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Gap jeans step into designer territory

The 1969 Premium Jeans line replaces old basics in a bid to win back customers it's lost to stylish competitors. But, skeptics say, can $60 denim really be 'premium'?

August 13, 2009|Andrea Chang

During a visit to a Gap store two years ago, Patrick Robinson didn't need to try on a pair to know that the chain's jeans were the wrong fit.

"I felt there was a problem, and the problem was the jeans hadn't been moved forward with the brand," he said. "The jeans were an old story."

It wasn't idle criticism. Robinson had just been brought in as Gap's executive vice president of design to shake things up amid growing concern that the brand was losing its appeal.

Over the next year and a half, he led an overhaul of the chain's denim, the biggest reworking of jeans in the company's history. Out went Gap's years-old collection of basic straight-leg and boot-cut jeans; in came a line of premium denim featuring "heavy-gauge thread and single-needle stitching," "vintage-inspired busted side seams" and styles such as the Always Skinny and the Sexy Boot.

The new denim line, called 1969 Premium Jeans in homage to the year the San Francisco company was founded, is set to officially debut today, although the jeans have been slowly rolling out in stores during recent weeks.

Gap executives are hoping the line will help the retailer capture a share of the designer denim market, which includes pricey labels such as True Religion, 7 for All Mankind and Citizens of Humanity.

They also are counting on the jeans to pull Gap out of a prolonged slump that has seen its sales and image sag as customers turned to more stylish competitors.

"Denim is our birthright -- I think we have ceded some of our business to others over the years as the market has changed and as people have looked to status brands," said Marka Hansen, president of Gap North America. "We're not changing our positioning, not at all. What we're trying to change is relevance."

Already, there is skepticism that the jeans will be the right kick in the pants for Gap.

Eli Portnoy, a Los Angeles brand strategist and marketing expert, said Gap was jumping on the denim bandwagon too late, noting that even Levi Strauss & Co. sells premium jeans.

"Denim is still a good business, but it's a crapshoot for Gap because they're not leading the way," he said. "Denim alone is not going to be what saves Gap Inc."

Designer denim companies have fared remarkably well during a recession that has hit discounters as well as luxury chains. As consumers have slashed discretionary spending, they're still shelling out for expensive denim -- paying $200 or more for a pair of ripped jeans.

By selling its premium jeans starting at $59.50 for women and $54.50 for men -- the same price as its old line -- Gap is positioning itself to snap up shoppers who have long coveted premium denim but couldn't afford it, said Paula Torch, a specialty retail analyst with Needham & Co. in San Francisco.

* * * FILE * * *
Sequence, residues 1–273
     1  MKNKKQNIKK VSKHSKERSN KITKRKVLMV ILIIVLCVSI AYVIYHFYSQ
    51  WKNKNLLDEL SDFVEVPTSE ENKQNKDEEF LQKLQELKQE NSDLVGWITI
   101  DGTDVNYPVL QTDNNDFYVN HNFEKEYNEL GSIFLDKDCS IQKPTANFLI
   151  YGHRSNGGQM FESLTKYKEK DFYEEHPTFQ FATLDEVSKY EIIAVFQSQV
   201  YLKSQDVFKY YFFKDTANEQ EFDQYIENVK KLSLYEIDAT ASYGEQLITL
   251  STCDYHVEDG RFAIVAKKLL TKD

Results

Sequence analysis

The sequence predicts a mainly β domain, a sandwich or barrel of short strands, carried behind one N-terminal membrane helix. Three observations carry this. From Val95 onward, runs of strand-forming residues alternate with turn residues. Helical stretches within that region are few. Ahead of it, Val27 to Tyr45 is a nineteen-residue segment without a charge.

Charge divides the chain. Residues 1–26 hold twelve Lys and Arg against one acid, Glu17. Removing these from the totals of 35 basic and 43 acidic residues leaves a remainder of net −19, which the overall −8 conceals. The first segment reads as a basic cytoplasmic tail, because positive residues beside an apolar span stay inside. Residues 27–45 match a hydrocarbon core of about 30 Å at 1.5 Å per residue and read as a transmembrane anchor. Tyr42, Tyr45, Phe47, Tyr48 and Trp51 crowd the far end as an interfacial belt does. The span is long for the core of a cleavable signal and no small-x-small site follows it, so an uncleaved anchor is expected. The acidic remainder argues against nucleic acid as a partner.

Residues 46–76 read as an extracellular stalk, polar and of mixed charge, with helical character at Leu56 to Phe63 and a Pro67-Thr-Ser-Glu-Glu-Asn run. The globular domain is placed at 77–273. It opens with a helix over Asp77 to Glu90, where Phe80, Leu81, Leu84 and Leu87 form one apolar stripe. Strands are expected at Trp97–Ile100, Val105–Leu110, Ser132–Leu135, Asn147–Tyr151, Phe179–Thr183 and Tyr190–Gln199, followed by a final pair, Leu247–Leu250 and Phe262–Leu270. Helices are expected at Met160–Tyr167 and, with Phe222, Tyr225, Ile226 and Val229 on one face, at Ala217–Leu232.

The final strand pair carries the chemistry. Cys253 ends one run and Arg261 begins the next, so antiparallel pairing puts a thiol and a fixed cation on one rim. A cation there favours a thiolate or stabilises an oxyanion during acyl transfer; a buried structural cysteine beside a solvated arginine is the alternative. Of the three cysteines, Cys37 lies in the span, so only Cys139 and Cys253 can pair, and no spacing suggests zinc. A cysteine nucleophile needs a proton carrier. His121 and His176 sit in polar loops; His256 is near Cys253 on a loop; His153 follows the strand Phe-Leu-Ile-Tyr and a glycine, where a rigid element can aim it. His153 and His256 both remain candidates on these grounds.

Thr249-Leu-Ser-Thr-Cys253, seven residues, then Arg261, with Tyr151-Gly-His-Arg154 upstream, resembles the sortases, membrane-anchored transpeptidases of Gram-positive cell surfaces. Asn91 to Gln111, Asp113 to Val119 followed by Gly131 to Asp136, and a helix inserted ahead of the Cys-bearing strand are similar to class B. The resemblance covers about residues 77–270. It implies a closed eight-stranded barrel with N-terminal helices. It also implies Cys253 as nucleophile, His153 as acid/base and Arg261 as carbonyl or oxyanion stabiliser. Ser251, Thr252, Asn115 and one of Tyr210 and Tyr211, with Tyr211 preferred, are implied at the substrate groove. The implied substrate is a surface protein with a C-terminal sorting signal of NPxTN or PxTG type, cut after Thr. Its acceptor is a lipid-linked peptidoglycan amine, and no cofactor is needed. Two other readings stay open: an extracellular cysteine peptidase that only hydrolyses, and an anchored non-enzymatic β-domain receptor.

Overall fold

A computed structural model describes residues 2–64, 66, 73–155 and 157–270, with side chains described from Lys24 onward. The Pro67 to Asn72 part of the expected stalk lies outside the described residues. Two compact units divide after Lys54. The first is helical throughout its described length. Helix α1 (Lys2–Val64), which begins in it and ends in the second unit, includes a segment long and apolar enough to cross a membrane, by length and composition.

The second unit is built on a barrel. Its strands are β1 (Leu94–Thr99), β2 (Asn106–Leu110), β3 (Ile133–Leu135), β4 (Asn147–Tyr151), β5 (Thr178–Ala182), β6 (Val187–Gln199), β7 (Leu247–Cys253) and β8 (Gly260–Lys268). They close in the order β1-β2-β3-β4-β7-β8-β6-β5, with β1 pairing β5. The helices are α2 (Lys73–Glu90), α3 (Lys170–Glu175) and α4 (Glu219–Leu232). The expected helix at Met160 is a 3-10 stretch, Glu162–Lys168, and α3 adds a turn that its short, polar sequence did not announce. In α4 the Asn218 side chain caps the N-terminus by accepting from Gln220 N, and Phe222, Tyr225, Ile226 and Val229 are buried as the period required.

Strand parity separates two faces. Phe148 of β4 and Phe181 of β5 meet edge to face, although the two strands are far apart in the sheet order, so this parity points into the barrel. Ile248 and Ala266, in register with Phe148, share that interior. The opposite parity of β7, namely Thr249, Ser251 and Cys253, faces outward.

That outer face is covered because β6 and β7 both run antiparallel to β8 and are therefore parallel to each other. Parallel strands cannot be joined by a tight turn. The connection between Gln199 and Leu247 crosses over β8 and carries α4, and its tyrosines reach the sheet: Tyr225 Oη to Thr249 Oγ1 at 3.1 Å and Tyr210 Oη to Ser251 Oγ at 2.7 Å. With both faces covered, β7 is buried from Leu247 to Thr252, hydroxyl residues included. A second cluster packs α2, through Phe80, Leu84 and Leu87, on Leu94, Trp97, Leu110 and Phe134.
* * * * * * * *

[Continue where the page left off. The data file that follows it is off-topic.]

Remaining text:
"From a marketing standpoint, it's a good way to get the contemporary customer back into the stores," she said. "They're returning to iconic, classic Gap -- but with a twist."

But that has led designer brands, and the well-heeled shoppers who buy their jeans, to scoff that true premium denim can't be had for $59.50.

"I would say to the Gap that you are deceiving the consumer. It's not premium denim," said Jeffrey Lubell, chairman and chief executive of True Religion Apparel Inc., which is based in Vernon.

"Certainly they're making an attempt. But to me it looks more like Levi Strauss than anything else."

There aren't set rules that distinguish premium denim from regular dungarees, so it often comes down to perception, marketing and sky-high prices.

Gap executives contend that the company is able to make its jeans affordable because of the apparel giant's economies of scale. But unlike many premium brands that make their jeans in the U.S., Gap's new line is manufactured overseas, which Lubell said hurts its integrity as a premium product and is the real reason for the relatively low price tag.

Jeans aside, Gap executives and retail experts agree that the brand's cachet had dropped even before the recession began. Analysts blame the slide in popularity on several seasons of misguided merchandise offerings and too many stores.

Gap "tried to get involved with some fashion trends that just didn't work," Torch said. "They lost their heritage of who they were."

Last week, Gap reported that sales at its North America stores open at least a year fell 10% in the quarter ended Aug. 1 compared with the same period last year.

Its parent, Gap Inc., which also operates the Banana Republic and Old Navy chains, said company sales totaled $3.24 billion in the second quarter, a 7% decline compared with a year earlier.

Gap already has generated considerable buzz for the jeans and is carefully marketing them with an eye toward the fashion-forward customer. In Los Angeles, the company has hung billboards and posters with "Born to Fit" -- the line's slogan -- and opened a temporary, "pop-up" jeans store on trendy Robertson Boulevard.

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